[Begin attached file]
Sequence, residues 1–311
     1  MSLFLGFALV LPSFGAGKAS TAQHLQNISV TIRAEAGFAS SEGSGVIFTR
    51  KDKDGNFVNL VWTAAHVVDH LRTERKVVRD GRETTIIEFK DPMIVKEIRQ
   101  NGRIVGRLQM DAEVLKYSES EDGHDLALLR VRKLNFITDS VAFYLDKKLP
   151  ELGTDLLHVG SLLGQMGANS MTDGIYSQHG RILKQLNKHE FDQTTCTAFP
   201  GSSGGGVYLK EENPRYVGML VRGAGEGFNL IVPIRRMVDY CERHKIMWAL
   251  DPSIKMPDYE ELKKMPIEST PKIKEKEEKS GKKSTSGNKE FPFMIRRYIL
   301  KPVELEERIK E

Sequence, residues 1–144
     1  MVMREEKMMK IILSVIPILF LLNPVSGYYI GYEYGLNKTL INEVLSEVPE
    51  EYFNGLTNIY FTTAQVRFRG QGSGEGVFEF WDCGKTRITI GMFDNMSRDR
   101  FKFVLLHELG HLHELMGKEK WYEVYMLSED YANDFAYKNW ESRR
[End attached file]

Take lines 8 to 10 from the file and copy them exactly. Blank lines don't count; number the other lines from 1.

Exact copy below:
   301  KPVELEERIK E

Sequence, residues 1–144
     1  MVMREEKMMK IILSVIPILF LLNPVSGYYI GYEYGLNKTL INEVLSEVPE